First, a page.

Working remotely is, by its nature, very solitary. I could go for a week without leaving my house if I wanted to (but I don’t, I promise). There could be someone doing a job exactly like mine right down the street, and in all likelihood I wouldn’t know a thing about it. So when there was an event in town specifically for telecommuters and mobile professionals last week, it was fun to be in the company of people working right here as attorneys, web geeks, architects, bankers, etc., for companies across New England, the U.S. and even farther afield.
There were about forty people there, and for starters, that’s way more than I would have thought (and I’m told another dozen couldn’t make it!). I was working for Ketchum when I moved to Vermont, and I give them an enormous amount of credit for letting me give it a try. I wasn’t first, but it wasn’t mainstream either. It is nice to see, based on the number of people at this cocktail, that telecommuting is becoming more common in the world. The more people we have credibly working remotely, the better.
I was also very interested in the number of people who picked Middlebury on its own merits. I first came to Middlebury because someone else had gotten a job here, not because I chose it. I couldn’t even have found it on the map, honestly. But I’ve become much more committed to being here over the past ten years, and this is clearly another area where I’m not alone. A lot of people who have good jobs and infinite flexibility have discovered Middlebury. It’s beautiful, it’s safe, it’s affordable. Schools are good. There’s a college that ensures a broader global perspective, a more diverse community, and a steady stream of interesting things to do. So for those of you who picked this place: good decision. I agree with you.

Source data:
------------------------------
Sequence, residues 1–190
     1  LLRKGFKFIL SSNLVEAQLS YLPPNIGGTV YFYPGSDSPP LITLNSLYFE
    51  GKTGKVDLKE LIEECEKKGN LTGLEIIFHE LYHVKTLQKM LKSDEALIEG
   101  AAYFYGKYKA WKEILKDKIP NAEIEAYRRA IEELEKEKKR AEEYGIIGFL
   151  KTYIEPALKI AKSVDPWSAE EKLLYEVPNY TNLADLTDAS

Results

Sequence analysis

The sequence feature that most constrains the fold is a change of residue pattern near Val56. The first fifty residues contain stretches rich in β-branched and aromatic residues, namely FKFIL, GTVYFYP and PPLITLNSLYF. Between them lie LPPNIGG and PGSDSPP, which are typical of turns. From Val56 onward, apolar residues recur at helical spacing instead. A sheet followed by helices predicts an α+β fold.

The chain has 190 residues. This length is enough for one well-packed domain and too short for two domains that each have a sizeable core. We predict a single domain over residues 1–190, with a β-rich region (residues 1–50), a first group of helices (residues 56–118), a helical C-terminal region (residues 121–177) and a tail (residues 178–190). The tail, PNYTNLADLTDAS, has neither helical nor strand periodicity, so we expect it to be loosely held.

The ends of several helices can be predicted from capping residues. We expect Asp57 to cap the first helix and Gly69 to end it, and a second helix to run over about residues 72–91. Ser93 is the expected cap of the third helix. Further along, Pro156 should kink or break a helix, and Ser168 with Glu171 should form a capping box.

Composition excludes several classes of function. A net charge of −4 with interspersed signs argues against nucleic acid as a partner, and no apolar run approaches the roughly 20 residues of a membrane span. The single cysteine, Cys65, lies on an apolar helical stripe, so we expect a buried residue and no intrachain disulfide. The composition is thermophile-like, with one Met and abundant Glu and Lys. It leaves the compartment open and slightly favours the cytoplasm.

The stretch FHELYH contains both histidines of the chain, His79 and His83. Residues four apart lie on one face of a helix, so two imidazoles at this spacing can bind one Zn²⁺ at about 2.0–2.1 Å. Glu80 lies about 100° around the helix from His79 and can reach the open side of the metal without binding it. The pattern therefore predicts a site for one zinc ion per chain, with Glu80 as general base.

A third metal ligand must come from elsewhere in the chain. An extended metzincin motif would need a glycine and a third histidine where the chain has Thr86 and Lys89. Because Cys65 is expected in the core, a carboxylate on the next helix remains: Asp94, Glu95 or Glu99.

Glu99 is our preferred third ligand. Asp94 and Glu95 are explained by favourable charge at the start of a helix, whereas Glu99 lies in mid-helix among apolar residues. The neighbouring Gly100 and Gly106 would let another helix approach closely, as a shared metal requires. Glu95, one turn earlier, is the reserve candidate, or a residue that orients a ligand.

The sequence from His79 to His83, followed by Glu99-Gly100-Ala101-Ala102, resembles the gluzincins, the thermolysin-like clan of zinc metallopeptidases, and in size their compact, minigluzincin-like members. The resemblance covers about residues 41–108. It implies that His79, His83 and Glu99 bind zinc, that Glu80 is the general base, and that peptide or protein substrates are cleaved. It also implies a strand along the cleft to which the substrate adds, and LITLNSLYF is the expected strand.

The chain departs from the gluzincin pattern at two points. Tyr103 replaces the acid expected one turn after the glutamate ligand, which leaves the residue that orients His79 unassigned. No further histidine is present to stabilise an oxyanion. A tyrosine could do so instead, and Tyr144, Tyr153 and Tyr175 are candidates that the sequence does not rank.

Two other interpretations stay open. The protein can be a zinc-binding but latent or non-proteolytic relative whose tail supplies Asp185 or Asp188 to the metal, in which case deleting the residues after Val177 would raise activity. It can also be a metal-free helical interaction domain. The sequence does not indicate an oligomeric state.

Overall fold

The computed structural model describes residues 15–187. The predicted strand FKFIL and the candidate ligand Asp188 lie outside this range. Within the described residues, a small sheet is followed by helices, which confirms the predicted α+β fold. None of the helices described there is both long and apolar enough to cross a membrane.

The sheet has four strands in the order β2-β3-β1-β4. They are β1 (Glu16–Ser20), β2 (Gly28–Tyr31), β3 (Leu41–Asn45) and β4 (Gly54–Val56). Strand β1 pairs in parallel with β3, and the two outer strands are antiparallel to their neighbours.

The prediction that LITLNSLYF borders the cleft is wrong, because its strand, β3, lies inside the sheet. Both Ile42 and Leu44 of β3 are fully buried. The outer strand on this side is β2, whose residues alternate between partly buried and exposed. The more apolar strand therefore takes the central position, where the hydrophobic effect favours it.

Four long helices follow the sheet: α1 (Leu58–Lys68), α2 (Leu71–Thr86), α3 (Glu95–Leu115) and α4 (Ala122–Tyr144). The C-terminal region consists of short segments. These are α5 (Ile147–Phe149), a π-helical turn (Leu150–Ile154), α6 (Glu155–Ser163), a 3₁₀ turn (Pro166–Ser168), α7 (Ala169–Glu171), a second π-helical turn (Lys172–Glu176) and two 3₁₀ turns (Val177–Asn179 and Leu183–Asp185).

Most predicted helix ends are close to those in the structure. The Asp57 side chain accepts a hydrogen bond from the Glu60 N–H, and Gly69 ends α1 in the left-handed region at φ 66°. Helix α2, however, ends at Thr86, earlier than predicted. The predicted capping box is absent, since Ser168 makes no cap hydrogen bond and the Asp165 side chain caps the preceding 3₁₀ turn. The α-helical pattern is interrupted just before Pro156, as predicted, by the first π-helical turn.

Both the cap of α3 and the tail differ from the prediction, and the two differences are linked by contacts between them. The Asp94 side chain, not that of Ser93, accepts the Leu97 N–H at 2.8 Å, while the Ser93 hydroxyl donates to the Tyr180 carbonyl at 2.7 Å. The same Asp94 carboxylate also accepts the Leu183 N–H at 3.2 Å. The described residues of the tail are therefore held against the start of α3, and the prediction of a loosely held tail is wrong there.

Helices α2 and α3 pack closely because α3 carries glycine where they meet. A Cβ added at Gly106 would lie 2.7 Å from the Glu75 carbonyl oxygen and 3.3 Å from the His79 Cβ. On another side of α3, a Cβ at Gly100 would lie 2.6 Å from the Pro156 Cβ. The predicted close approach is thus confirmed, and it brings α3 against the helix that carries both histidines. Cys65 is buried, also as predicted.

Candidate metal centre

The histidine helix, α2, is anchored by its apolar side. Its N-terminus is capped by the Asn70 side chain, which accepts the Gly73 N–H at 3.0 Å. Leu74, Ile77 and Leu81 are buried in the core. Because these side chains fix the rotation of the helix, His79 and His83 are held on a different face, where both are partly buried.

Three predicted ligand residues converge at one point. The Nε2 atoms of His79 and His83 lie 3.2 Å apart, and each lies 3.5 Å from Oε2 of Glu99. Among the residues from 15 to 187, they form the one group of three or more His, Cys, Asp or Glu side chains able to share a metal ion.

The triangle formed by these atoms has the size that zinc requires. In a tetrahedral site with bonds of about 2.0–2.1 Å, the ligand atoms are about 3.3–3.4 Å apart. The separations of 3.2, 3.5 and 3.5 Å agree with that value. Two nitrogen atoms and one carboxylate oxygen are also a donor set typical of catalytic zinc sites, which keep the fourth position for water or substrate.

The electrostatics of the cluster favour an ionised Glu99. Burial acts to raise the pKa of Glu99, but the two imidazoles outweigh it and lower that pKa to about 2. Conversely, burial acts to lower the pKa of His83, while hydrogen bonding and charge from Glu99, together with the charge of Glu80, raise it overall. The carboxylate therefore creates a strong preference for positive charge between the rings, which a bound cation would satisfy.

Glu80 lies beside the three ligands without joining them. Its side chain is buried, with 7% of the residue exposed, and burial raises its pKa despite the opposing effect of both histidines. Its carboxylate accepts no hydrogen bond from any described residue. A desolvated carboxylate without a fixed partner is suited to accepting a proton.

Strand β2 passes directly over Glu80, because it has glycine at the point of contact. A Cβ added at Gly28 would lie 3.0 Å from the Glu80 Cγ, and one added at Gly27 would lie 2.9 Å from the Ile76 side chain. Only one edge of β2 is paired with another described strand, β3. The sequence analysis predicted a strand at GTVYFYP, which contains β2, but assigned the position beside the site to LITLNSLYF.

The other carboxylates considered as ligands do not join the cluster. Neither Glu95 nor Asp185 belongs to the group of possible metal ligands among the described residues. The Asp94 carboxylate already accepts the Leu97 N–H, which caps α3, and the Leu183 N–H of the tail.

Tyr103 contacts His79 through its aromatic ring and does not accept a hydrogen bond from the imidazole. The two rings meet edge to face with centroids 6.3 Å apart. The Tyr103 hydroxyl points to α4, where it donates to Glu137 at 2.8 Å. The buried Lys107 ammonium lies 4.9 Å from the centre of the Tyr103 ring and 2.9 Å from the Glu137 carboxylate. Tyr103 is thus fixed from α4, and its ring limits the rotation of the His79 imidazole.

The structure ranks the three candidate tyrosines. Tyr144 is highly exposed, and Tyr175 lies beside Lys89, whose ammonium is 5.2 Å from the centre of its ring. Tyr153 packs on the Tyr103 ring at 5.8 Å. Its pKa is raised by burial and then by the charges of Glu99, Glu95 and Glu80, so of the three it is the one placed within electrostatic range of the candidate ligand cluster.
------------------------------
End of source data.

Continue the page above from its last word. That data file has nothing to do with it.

Last note on the night: a student asked what the town was doing to help create opportunities for others who may want stay here and (presumably) work remotely from Midd. There were some good answers to the question, and I appreciate that there are things that the Middlebury community can do to make this a smart, accessible place to work (although I guess nobody can move the airport any closer). At the same time, hoping that someone will create this kind of opportunity for you is, in my opinion, wishful thinking. I’ve yet to meet an organization in Boston, New York, or some other big city that’s hoping to hire a smart, capable employee and hoping that that employee will live in rural Vermont. The truth is that it does take extra effort and a little extra expense to hire a telecommuter. Those of us who want this life have to work hard, be of value, and build a strong case for the fact that it’s worth it.
Anyway, it was a fine night for mobile professionals, and an affirmation that there’s a very interesting and interested community here in Middlebury, solitary though we may be from day to day. Thank you to the Better Middlebury Partnership for putting the event together. I look forward to seeing what comes next!